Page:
Although I’m now a Health Coach (, I spent a lot of time in the corporate world–so I know all too well about the challenges that can assault you.  Maybe you’ll add something else into the mix, whether it’s family, school, a new business.  And maybe you live in a hectic, fast-paced, urban city like New York.  Or maybe you’re switching careers and totally reinventing yourself.

The result can be an unbalanced life, with little or no attention paid to nutrition, physical activity, self-care, spirituality, creativity, or any self-awareness. And that affects all parts of your life, personal AND professional!

Health Coaching is an exciting and unique innovation in health, wellness, and nutrition.  It  focuses on prevention, education and holistic health.  I help clients achieve their wellness goals by reducing stress, increasing energy, eliminating cravings, and controlling weight, among other things.  Every client is different, so I tailor the plan to respond to each client’s needs and priorities.

How does it relate to career?  Well, in this challenging economy, you need to be at the top of your game like never before.  And that means feeling great, energetic, and enthusiastic-to have the energy to calmly and efficiently tackle projects and challenges, which will make you stand out from the competition.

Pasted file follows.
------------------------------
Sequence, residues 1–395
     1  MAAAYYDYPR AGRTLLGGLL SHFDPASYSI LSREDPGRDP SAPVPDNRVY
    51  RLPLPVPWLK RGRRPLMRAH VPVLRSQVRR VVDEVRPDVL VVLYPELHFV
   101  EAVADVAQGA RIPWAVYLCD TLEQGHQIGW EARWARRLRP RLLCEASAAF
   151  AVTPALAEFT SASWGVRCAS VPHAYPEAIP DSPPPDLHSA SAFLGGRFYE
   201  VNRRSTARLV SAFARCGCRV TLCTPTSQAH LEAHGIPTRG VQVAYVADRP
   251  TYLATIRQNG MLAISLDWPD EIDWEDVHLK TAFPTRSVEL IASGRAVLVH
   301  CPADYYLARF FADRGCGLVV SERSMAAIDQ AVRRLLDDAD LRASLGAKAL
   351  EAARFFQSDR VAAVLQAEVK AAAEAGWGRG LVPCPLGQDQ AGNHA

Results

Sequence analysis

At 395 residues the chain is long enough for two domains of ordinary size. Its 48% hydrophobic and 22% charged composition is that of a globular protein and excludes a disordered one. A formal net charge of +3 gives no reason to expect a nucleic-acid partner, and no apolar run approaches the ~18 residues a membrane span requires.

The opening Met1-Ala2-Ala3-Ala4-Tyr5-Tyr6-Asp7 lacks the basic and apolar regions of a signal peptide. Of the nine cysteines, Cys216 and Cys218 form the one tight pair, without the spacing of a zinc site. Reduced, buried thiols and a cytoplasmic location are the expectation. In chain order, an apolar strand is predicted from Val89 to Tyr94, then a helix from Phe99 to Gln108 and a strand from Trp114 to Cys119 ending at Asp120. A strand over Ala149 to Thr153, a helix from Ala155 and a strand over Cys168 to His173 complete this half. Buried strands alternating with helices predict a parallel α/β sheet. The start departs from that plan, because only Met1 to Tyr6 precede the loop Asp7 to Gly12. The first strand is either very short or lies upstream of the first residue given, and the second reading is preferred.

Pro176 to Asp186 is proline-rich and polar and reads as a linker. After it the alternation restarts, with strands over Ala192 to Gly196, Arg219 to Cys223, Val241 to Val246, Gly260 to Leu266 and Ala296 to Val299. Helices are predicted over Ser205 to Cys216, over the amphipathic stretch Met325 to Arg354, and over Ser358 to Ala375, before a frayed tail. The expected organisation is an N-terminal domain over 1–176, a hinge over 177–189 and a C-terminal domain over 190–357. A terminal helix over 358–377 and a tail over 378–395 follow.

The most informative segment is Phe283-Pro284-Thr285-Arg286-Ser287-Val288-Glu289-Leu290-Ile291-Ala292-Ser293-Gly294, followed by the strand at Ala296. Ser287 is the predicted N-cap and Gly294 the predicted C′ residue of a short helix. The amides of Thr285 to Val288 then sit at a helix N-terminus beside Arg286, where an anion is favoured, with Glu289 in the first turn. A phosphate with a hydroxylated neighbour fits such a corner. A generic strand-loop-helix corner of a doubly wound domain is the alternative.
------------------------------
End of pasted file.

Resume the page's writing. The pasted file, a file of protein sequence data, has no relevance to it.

“You want to be the kind of person your supervisor, clients and co-workers know they can rely on–and want to be around, “says Kristine Burke, MBA, and founder of the Castles and Crayons ( career networking group. “Skills are critical—but so is being a team player and fitting in with the company culture.”

Ask yourself:

  • How productive are you? Do you walk in the office every morning energetically, enthusiastically, ready to take on new challenges?
  •  Are you constantly fatigued or energetic?
  • Do you get headaches?
  •  How does food affect you, both physically and emotionally? Do you come back from lunch sleepy and irritable or refreshed and energetic?
  •  Do you have a major energy crash in the late afternoon?
  •  Are you able to handle challenges calmly and effectively? 
  • Do you rely on coffee or diet soda throughout the day?

As for employers,they are concerned about the bottom-line and that includes insurance premiums and claims.  Let them see a healthy, vibrant, energetic person!  But, chances are, they’ll also ask themselves this question—so keep it in mind if you’re job-seeking (or trying to stay employed):  “At the end of the day, will they make my life easier or harder?” It will be a lot easier for employers to view you in a positive light if you’re enthusiastic, strong, and vibrant.